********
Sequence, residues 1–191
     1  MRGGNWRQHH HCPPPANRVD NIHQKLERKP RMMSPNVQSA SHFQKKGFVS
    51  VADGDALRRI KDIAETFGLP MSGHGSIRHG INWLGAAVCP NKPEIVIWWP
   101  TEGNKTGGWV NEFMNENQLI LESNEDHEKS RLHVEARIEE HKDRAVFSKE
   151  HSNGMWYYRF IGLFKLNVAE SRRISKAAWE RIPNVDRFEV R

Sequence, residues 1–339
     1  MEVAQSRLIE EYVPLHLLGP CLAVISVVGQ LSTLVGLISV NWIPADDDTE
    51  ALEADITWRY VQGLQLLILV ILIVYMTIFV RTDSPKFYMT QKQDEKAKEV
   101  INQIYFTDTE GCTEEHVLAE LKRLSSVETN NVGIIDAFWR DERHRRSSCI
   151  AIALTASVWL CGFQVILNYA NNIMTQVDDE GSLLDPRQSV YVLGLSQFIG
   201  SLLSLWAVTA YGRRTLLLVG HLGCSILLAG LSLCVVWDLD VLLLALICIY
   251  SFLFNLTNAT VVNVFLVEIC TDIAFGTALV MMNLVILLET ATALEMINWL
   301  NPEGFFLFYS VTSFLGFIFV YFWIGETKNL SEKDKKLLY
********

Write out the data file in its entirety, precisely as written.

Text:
Sequence, residues 1–191
     1  MRGGNWRQHH HCPPPANRVD NIHQKLERKP RMMSPNVQSA SHFQKKGFVS
    51  VADGDALRRI KDIAETFGLP MSGHGSIRHG INWLGAAVCP NKPEIVIWWP
   101  TEGNKTGGWV NEFMNENQLI LESNEDHEKS RLHVEARIEE HKDRAVFSKE
   151  HSNGMWYYRF IGLFKLNVAE SRRISKAAWE RIPNVDRFEV R

Sequence, residues 1–339
     1  MEVAQSRLIE EYVPLHLLGP CLAVISVVGQ LSTLVGLISV NWIPADDDTE
    51  ALEADITWRY VQGLQLLILV ILIVYMTIFV RTDSPKFYMT QKQDEKAKEV
   101  INQIYFTDTE GCTEEHVLAE LKRLSSVETN NVGIIDAFWR DERHRRSSCI
   151  AIALTASVWL CGFQVILNYA NNIMTQVDDE GSLLDPRQSV YVLGLSQFIG
   201  SLLSLWAVTA YGRRTLLLVG HLGCSILLAG LSLCVVWDLD VLLLALICIY
   251  SFLFNLTNAT VVNVFLVEIC TDIAFGTALV MMNLVILLET ATALEMINWL
   301  NPEGFFLFYS VTSFLGFIFV YFWIGETKNL SEKDKKLLY